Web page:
Talk part of series that will focus on educational inequities, injustices
Sept. 10, 2020
(About the Lecturer) (Flyer)
Sealaska Heritage Institute (SHI) will sponsor a lecture on the history of Alaska Native education as part of its September series meant to acquaint the public with culturally-responsive education in Southeast Alaska.
Through the lecture, Chookangee Tláa (Mischa Plunkett Jackson), a Tlingit and an assistant professor of secondary education at the University of Alaska Southeast (UAS), will explore Alaska Native history, starting at contact, to provide a backdrop and contextual understanding of different events that have shaped the educational systems in place for Alaska Natives.
These events and policies have had a lasting impact on Southeast Alaska Native families and communities historically and in the present day. In her talk, she will highlight the active role that Alaska Natives have taken in attempts to push for educational reform and opportunities for future generations.
“As a ‘young’ state, it’s important to place these Alaskan events in the context of US history and federal policy, while also recognizing that change and progress has been evident but have also been slow-going.,” she wrote in an abstract.
The lecture will run from noon-1 pm, Tuesday, Sept. 15, and will be streamed on SHI’s YouTube channel. People may submit questions via YouTube comments and staff will read them to speakers during the events. After the live streams, all lectures will be posted on a YouTube playlist for later viewing.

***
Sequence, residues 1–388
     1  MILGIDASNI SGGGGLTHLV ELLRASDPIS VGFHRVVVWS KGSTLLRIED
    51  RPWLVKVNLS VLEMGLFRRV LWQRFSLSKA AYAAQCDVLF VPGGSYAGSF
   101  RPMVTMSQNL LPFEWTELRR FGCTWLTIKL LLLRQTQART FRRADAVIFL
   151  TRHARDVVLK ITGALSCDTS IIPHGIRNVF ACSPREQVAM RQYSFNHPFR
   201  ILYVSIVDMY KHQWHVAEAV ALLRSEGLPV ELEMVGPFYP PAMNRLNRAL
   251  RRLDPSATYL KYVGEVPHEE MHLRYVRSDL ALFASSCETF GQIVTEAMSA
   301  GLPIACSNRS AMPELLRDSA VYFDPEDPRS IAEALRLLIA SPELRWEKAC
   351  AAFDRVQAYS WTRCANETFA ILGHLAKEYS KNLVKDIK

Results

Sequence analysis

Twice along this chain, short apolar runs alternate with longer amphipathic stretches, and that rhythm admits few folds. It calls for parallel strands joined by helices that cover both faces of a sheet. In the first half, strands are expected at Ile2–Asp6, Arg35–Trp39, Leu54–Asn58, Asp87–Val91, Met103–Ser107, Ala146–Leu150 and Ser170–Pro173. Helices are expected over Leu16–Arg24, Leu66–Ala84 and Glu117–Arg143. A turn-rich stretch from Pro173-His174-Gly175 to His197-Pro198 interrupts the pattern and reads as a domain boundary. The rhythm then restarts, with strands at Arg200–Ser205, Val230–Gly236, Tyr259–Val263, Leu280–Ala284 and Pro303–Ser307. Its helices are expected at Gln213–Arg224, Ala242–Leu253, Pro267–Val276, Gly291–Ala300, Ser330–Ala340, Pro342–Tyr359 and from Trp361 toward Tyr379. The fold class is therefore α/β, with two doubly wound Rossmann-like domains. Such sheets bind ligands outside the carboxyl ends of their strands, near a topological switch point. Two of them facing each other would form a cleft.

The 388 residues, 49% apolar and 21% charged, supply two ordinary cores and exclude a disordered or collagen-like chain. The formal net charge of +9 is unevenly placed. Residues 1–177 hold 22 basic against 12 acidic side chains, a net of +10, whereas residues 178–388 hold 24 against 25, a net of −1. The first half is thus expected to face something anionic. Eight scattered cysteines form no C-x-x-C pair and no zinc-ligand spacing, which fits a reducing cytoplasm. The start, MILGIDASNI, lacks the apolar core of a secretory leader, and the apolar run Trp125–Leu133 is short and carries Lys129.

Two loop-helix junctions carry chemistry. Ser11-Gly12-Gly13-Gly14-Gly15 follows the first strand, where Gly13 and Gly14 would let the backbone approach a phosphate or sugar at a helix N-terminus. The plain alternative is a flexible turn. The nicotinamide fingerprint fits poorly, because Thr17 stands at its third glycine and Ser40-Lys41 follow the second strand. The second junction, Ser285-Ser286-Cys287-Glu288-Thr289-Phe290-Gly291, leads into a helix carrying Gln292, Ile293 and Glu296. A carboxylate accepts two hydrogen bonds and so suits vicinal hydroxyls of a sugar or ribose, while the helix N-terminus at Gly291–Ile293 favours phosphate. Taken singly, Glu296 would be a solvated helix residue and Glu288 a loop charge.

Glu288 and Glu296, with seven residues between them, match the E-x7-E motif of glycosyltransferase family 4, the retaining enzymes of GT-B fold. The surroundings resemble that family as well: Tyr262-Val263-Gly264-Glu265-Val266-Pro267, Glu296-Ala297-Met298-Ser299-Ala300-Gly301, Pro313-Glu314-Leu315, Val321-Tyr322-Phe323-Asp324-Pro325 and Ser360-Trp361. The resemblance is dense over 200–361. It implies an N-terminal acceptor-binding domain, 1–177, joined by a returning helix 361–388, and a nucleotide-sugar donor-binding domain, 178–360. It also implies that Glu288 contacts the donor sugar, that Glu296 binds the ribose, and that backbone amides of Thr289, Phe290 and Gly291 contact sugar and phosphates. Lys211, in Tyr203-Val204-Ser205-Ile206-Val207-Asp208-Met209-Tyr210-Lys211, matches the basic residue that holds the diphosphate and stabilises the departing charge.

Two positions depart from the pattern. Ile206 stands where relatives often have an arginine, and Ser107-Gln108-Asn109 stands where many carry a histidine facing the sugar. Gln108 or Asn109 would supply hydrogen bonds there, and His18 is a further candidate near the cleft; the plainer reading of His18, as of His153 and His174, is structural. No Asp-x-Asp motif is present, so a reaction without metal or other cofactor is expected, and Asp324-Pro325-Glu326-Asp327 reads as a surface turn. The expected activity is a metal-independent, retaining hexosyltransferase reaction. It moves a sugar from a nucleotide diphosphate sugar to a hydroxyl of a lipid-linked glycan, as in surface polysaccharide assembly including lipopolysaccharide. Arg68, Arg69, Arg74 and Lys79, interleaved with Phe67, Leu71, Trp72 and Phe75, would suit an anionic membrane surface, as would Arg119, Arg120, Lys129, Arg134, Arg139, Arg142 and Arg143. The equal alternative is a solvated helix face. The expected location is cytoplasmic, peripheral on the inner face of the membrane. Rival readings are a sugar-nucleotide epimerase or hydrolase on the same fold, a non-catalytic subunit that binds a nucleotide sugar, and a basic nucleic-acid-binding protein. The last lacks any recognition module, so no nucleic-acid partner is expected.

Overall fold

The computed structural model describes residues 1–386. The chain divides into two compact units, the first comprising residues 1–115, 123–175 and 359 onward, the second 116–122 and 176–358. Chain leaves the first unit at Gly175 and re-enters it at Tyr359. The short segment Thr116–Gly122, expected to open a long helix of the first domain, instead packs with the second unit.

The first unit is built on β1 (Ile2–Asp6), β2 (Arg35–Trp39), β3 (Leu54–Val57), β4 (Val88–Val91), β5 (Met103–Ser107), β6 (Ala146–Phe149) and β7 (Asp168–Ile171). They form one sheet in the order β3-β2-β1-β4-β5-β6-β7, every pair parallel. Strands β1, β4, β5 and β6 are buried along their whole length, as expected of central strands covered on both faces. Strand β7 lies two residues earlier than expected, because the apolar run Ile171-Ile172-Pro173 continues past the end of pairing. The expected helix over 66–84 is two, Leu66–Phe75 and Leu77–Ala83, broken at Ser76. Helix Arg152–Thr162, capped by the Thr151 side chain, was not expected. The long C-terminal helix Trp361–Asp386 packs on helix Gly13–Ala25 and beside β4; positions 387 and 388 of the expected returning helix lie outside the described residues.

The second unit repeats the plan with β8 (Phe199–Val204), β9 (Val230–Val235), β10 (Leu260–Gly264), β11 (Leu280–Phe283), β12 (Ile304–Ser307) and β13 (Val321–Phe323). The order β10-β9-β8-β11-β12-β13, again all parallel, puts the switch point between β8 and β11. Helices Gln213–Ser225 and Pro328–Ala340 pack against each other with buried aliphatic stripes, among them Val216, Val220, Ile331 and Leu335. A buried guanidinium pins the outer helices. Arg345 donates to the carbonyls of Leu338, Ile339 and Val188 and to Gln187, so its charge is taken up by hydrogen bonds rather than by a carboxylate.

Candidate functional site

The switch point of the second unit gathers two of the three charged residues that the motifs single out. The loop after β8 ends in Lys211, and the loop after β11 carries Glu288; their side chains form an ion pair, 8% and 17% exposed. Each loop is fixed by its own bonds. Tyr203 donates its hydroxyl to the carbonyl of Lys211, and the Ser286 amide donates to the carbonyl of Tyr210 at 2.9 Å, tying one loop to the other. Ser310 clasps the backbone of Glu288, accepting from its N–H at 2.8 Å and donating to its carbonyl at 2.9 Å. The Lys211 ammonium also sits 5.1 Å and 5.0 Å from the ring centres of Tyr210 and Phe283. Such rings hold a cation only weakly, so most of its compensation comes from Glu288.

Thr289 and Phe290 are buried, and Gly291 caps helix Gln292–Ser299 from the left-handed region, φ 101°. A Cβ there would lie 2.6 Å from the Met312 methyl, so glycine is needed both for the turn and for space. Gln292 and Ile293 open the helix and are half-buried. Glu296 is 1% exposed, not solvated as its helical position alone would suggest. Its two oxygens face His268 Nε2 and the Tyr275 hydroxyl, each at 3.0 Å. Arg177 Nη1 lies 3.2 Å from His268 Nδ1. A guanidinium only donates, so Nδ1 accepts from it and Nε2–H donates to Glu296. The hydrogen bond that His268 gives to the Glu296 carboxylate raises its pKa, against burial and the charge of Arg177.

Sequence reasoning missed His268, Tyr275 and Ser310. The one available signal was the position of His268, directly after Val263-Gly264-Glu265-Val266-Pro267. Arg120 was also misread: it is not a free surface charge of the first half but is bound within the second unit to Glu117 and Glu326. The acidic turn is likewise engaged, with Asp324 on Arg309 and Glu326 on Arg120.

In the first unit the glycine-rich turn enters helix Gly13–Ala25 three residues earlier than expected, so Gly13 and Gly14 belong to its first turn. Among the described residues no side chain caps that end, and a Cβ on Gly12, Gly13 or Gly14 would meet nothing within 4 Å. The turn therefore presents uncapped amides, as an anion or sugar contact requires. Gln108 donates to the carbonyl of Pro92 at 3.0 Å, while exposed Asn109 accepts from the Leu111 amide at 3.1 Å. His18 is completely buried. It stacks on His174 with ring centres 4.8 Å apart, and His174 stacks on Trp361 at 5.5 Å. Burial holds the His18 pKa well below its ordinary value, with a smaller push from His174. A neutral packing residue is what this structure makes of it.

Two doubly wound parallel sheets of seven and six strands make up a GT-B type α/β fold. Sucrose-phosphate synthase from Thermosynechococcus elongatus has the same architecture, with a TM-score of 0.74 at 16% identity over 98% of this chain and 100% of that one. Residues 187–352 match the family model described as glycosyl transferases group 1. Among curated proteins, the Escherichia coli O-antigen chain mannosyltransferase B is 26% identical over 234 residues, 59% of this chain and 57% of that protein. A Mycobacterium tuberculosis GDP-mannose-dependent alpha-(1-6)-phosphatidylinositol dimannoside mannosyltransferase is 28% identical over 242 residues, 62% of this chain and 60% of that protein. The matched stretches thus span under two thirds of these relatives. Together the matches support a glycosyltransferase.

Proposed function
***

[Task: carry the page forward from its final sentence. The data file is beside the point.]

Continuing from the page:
Chookangee Tláa will give a preview of her talk on Monday, Sept. 14, as a guest on KTOO’s Juneau Afternoon radio program, which airs from 3-4 pm weekdays.
About the Lecturer
Prior to her work at UAS, Chookangee Tláa was a social studies teacher at Juneau-Douglas High School, and she previously worked with the Tlingit and Haida Johnson O’Malley Program and Sealaska Heritage Institute. Chookangee Tláa has roots throughout Southeast Alaska; she is Shangukeidí (Thunderbird clan) from the House Lowered from the Sun in Klukwan, and her family was born and raised in Juneau. She is connected to many villages and families through her husband, Josh Jackson, Kalcháni, (T’aḵdéintaan) and they are raising three little thunderbird girls in Juneau.
Sealaska Heritage Institute is a private nonprofit founded in 1980 to perpetuate and enhance Tlingit, Haida and Tsimshian cultures of Southeast Alaska. Its goal is to promote cultural diversity and cross-cultural understanding through public services and events. SHI also conducts scientific and public policy research that promotes Alaska Native arts, cultures, history and education statewide. The institute is governed by a Board of Trustees and guided by a Council of Traditional Scholars, a Native Artist Committee and a Southeast Regional Language Committee.
CONTACT: CONTACT: Amy Fletcher, SHI Media and Publications Director, 907.586.9116, email@example.com